With the radiation balanced approach, an Ytterbium (Yb3+) based crystal laser gain medium is chosen so that the pump frequency is lower than the mean florescence frequency so that a balance is achieved whereby the mean florescence frequency is equal to the pump laser frequency plus the laser frequency. Unfortunately, this approach is challenging and problematic in that the florescence rates must be fast enough in order to meet the second requirement namely, the spontaneous emission rate times the mean fluorescence frequency plus the stimulated emission (laser emission) rate times the laser frequency must be equal to the pumping rate times the pump frequency. Since fluorescence emission is the means for cooling, the gain geometry must be such that the fluorescence emission is effectively dispatched outside the lasing medium in order to prevent re-absorption into the gain medium which would diminish the cooling effect. This typically puts severe restrictions on the laser gain geometry such that at least one optically thin dimension is required.

Consequently, this approach is heavily dependent on florescence cooling to achieve a low heat laser design. Florescence cooling approaches are limited in that generally, three requirements that must be met: 1) the mean fluorescence frequency must be higher than the pump frequency; 2) the fluorescence rates must be sufficiently high as mentioned above; and 3) the florescence re-absorption must be minimized for the waste heat to escape.

Hence, a need remains in the art for a highly efficient laser with a substantially reduced need for thermal management.

SUMMARY OF THE INVENTION

The ultra-low heat laser of the present invention addresses the need in the art without reliance on florescence cooling. Generally, the inventive laser includes a pump source operable at a pump frequency and a gain medium disposed to receive energy from the source and lase at a frequency close to the pump frequency.

In the illustrative embodiment, the laser is a solid-state laser having a gain medium which is resonantly pumped to lase at a frequency within 5% of the pump frequency. However, in the best mode and in accordance with the present teachings, the gain medium lases at a frequency within 1% of the pump frequency.

In the illustrative embodiment, the laser gain medium ion has a rich Stark energy level structure and the laser active gain medium has oscillator strengths at transitions wavelengths that allow an ultra-low (e.g. 1%) quantum defect operation. The pump source has a wavelength output centered to correspond to a predetermined pump band and an emission band subtended by an absorption bandwidth thereof.

In addition, a master-oscillator power amplifier (MOPA) is taught. The inventive MOPA includes a laser resonator comprising a first reflective element adapted to transmit radiation received from a pump source and reflect energy at the lasing frequency, a first laser gain medium disposed to receive pump energy via the first reflective optical element means and lase at a frequency close to the pump frequency, a reflective outcoupler in functional alignment with the gain medium and an amplifier chain comprising second and third laser gain mediums, a first transmissive element disposed between the outcoupler and the second laser gain medium, a second transmissive element disposed between the second gain medium and the third gain medium and a third transmissive element disposed at an output end of the third gain medium.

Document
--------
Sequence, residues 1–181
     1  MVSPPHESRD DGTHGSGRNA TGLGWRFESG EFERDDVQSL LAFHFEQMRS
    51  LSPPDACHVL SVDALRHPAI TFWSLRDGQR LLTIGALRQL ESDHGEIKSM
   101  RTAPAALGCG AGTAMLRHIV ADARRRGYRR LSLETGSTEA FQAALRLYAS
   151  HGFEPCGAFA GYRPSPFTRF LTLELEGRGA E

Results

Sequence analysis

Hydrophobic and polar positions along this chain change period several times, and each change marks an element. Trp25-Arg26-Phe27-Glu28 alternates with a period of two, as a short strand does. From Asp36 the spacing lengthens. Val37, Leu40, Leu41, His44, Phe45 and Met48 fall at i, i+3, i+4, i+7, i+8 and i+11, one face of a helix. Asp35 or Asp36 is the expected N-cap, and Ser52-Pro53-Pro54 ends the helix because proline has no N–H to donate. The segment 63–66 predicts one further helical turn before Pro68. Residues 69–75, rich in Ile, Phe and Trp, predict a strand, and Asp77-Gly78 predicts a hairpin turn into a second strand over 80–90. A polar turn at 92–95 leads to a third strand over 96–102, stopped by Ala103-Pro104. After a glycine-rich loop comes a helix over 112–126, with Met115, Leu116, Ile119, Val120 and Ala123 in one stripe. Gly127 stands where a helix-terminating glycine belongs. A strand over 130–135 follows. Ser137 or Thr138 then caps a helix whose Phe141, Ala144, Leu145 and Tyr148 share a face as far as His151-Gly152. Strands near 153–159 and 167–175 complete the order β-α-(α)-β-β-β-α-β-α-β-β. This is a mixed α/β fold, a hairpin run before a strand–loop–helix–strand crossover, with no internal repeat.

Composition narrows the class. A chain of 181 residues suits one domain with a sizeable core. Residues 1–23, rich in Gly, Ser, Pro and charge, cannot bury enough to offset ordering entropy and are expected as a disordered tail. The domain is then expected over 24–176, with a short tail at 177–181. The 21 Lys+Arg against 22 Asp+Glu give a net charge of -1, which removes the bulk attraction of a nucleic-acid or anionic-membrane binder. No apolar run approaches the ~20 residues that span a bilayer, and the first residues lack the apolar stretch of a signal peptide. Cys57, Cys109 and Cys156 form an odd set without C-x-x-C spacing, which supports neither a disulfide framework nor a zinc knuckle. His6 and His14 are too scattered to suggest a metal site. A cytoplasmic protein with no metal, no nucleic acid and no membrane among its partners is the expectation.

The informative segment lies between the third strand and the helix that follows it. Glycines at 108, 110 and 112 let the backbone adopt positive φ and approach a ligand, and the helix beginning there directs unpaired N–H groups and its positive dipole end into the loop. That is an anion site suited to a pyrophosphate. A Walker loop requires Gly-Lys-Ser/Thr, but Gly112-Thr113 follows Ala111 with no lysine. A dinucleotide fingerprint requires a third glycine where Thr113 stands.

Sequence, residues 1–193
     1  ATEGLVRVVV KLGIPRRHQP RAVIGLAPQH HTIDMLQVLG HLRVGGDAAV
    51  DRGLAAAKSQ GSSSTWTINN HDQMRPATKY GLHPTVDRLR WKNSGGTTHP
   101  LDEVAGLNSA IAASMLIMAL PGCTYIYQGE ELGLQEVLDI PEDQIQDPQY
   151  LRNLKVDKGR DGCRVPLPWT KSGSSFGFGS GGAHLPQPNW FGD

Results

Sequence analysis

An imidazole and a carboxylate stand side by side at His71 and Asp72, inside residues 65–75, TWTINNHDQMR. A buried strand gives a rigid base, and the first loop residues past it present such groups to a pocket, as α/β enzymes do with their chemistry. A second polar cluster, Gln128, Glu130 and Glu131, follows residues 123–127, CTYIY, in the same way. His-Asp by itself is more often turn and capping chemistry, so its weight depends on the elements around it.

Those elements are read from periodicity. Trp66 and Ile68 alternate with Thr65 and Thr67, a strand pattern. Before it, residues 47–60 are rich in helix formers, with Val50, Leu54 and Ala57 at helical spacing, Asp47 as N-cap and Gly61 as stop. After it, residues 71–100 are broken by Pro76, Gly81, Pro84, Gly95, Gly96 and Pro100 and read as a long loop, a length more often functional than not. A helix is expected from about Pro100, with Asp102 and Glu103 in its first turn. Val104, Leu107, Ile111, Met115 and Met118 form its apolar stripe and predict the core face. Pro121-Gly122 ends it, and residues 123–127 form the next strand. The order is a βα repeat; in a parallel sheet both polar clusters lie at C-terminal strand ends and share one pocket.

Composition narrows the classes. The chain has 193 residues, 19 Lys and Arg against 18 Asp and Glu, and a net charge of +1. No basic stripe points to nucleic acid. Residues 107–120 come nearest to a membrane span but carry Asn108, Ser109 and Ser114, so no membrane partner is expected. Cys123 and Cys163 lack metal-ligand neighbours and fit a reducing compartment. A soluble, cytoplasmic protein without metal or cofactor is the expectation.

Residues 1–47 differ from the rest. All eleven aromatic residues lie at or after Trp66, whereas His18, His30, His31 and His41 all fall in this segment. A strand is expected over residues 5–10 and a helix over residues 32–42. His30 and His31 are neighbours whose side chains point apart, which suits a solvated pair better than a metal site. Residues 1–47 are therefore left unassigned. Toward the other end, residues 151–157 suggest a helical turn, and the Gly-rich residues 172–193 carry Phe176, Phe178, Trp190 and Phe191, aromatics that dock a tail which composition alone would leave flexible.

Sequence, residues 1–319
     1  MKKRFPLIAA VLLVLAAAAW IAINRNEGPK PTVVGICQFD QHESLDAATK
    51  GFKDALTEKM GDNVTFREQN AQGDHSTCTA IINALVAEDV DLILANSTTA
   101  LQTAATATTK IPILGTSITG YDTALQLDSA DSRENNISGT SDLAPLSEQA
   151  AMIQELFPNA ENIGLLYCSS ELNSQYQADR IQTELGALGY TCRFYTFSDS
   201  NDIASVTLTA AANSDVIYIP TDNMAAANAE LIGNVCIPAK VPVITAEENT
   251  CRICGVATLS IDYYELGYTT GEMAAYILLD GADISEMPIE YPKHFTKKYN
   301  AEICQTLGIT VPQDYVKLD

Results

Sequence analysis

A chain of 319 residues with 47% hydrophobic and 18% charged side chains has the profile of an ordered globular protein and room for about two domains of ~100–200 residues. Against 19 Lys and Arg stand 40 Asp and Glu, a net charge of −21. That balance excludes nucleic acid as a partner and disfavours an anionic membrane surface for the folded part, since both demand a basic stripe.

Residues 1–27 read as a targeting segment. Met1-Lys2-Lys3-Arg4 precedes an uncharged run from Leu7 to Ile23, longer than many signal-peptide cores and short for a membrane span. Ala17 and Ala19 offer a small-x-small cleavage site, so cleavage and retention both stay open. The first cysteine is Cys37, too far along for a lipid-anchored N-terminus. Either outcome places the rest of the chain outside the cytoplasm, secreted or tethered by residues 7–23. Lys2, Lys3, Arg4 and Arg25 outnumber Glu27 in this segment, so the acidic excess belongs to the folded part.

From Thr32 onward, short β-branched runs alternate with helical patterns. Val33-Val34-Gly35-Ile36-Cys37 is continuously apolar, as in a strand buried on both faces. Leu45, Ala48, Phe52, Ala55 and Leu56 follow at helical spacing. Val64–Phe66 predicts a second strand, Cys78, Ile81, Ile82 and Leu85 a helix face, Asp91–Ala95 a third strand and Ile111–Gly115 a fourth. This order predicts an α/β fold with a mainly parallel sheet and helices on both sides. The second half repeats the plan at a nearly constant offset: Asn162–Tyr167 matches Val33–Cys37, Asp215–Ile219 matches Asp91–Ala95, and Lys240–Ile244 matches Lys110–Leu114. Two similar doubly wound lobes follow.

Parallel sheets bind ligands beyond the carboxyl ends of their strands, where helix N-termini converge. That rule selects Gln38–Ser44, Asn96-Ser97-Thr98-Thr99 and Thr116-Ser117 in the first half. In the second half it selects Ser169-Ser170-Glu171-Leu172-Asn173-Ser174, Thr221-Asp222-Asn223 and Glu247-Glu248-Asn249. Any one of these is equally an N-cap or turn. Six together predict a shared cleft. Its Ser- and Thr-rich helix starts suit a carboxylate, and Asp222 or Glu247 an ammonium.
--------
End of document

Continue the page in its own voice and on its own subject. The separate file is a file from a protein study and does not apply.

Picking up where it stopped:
In the illustrative embodiment, the first reflective element of the amplifier is a volume Bragg grating holographic optical element with an acceptance angle sufficient to provide for high transmission of the pump radiation and narrow spectral selectivity to provide for high reflection of energy at the lasing wavelength. In addition, the first, second and third transmissive elements have narrow acceptance angles with high transmission at the lasing frequency.

With respect to the MOPA implementation, in the illustrative embodiment, the laser is a solid state laser having a gain medium which is resonantly pumped to lase at a frequency within 5% of the pump frequency. However, in the best mode and in accordance with the present teachings, the gain medium lases at a frequency within 1% of the pump frequency. The laser gain medium active ion has a rich Stark energy level structure and oscillator strengths at transitions/wavelengths that allow an ultra-low (e.g. 1%) quantum defect operation. The pump source has a wavelength output centered to correspond to a predetermined pump band and an emission band subtended by an absorption bandwidth thereof.

Further, a method for fabricating a laser is taught. The inventive method includes the steps of:

selecting a laser gain medium (active crystal or amorphous solid) having an optimized Stark energy level structure to satisfy predetermined gain requirements while providing for strong absorption and operation with a minimized quantum defect and reasonable oscillator strength emission bands;

identifying appreciable oscillator strength transitions and pump band absorptions in the laser gain material; and

providing a customized pump source for the host with a center wavelength that matches a chosen absorption band in the crystal and has a line width emission that is within an absorption line width of an absorption band thereof.

BRIEF DESCRIPTION OF THE DRAWINGS

FIG. 1 a and FIG. 1 b show a pumping scheme for the 4-level Nd laser in accordance with conventional teachings.